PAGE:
Case presentation

Field monitoring and rescue

The severely injured SC, named “Hope” by the media in Hong Kong and hereafter referred to as WL212 (also known as SC15-16/01 in the Hong Kong cetacean stranding records managed by the Agriculture, Fisheries and Conservation Department of the Hong Kong Special Administrative Region Government), was first sighted in coastal waters near Tai O, Lantau Island, Hong Kong (22º15’N, 113º50’E) on 16th January 2015 by local cetacean researchers. Through established photo-identification catalogues, the individual was matched to a known individual (WL212) that had been repeatedly sighted in Hong Kong waters since 2012 [24]. Based on the body size and colour pattern, WL212 was classified as a subadult [25] (or as a “speckled” individual between juvenile and adult [26, 27]). Externally, WL212 suffered from four deep lacerations to the dorsal aspect of the caudal region (X1-X4; Fig. 1a), and the deepest wound was at the caudal peduncle with suspected underlying vertebral fractures. Continuous field monitoring of WL212 was carried out via collaboration between the Agriculture, Fisheries and Conservation Department of the Hong Kong Special Administrative Region Government, Ocean Park Conservation Foundation Hong Kong, and local cetacean research groups.

Fig. 1
figure 1

a Field photograph of WL212 (also known as “Hope” or SC15-16/01), a severely injured Indo-Pacific humpback dolphin (Sousa chinensis) from Hong Kong waters, showing four incision wounds on the dorsum of lumbocaudal region (X1-X4) likely caused by propeller strike, with X4 being the most severe with suspected underlying vertebral fracture. b On-site thermography imaging after rescue revealed that the blood supplies to the fluke were still intact (indicated by points c, d, e) despite the severe injury at the caudal peduncle (X4). c Photograph of WL212 following euthanasia (taken three weeks after monitoring and three days after rescue), showing the four incision wounds on the dorsum. d Close-up of X4 following euthanasia. The wound fractured and exposed the underlying vertebrae. Soft tissues around the wound were macerated and infected with granulation tissues at the periphery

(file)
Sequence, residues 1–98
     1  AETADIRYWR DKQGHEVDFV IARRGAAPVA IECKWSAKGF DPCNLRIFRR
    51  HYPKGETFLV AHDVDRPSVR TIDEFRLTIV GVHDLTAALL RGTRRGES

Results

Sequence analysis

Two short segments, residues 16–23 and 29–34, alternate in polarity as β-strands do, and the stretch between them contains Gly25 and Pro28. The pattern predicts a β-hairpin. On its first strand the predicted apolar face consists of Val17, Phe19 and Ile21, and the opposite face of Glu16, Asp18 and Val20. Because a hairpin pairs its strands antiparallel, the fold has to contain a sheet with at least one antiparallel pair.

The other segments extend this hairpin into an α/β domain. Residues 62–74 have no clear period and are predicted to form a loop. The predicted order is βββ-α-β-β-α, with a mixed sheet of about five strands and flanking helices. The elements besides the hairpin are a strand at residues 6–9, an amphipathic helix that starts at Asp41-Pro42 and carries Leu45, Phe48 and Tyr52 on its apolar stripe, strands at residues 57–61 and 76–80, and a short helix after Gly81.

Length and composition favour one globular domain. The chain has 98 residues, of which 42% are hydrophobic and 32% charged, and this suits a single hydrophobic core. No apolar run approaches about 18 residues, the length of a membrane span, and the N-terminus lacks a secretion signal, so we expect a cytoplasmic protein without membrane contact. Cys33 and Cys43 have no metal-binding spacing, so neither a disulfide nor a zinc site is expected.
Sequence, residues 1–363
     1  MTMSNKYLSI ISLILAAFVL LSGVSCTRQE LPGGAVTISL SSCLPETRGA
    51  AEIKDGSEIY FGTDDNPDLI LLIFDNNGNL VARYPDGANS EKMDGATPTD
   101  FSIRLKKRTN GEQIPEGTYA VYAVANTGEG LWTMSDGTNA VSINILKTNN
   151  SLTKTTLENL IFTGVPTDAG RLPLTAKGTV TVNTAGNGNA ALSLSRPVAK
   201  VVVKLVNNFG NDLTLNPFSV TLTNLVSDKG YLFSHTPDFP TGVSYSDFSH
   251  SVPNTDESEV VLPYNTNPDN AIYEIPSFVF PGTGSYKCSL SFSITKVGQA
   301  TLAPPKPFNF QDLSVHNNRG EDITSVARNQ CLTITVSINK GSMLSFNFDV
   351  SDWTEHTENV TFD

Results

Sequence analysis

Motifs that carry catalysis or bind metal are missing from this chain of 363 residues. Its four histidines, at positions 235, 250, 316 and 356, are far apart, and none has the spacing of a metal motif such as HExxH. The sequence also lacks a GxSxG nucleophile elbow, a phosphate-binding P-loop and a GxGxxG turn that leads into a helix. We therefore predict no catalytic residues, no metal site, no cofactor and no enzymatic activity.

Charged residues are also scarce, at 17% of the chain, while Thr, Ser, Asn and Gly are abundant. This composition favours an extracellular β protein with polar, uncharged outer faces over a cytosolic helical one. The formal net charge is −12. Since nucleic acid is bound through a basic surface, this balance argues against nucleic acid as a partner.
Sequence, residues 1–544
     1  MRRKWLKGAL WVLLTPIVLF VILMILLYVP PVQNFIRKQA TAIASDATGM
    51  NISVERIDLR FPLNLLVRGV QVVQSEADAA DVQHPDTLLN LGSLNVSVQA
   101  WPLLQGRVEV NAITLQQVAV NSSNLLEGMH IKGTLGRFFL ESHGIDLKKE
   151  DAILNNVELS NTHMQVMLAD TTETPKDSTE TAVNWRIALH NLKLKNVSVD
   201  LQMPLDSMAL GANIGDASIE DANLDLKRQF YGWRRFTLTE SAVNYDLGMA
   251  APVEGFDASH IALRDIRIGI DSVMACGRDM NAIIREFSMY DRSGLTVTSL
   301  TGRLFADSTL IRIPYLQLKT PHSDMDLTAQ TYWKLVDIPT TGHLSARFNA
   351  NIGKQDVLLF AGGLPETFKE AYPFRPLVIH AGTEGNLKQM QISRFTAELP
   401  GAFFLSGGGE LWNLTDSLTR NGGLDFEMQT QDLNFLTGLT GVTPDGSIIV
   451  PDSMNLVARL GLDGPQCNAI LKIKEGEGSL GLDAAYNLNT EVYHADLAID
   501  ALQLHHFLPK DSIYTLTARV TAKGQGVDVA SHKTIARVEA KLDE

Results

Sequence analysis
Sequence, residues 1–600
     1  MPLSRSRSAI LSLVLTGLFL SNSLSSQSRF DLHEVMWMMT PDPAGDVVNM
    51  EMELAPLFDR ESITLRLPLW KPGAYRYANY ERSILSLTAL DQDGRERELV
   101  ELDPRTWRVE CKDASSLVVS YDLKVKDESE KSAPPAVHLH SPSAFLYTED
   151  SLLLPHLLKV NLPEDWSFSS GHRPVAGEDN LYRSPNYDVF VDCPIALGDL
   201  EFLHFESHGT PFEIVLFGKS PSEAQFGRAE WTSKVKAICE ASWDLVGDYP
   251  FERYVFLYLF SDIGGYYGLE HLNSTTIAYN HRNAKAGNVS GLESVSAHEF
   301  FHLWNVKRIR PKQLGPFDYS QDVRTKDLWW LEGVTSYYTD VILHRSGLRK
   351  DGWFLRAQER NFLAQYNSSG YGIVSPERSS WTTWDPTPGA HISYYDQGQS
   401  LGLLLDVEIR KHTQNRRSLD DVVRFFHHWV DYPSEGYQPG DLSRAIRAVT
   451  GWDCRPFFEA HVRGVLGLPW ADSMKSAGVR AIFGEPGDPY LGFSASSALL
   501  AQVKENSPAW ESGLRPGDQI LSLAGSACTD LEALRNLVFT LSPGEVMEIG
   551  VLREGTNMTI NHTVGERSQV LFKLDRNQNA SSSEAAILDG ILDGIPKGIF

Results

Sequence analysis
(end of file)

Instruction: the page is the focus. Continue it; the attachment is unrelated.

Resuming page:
The dolphin was unable to use its fluke effectively and mostly dragged the tail fluke behind. Despite of this, it was able to evade approaching vessels by paddling with its pectoral flippers. Monitoring of the dolphin was also hindered by weather conditions and the limited visibility of the waters. However, it was observed that the body condition of WL212 deteriorated over a short time, and it became emaciated. The wounds gaped more and the soft tissues around X4 appeared more macerated and infected. WL212 started to display begging behaviours and began to accept fish offered by local fishermen and the rescue team. Over the three weeks of field monitoring, multiple rescue attempts were unsuccessful due to adverse weather, lack of expertise in dolphin capture, inadequate equipment, and logistical difficulties. On the third week, oral sedation using 80 mg diazepam (0.6 mg/kg) and 50 mg butorphanol (0.37 mg/kg) was mixed into fish and offered to WL212 during the sixth rescue attempt [28]. The dolphin was in a suitable location and sufficiently sedated three hours later and was captured from a vessel using a hoop net and swimmers. It was then placed in a stretcher and lifted onto the stern platform of the vessel for on-site assessment.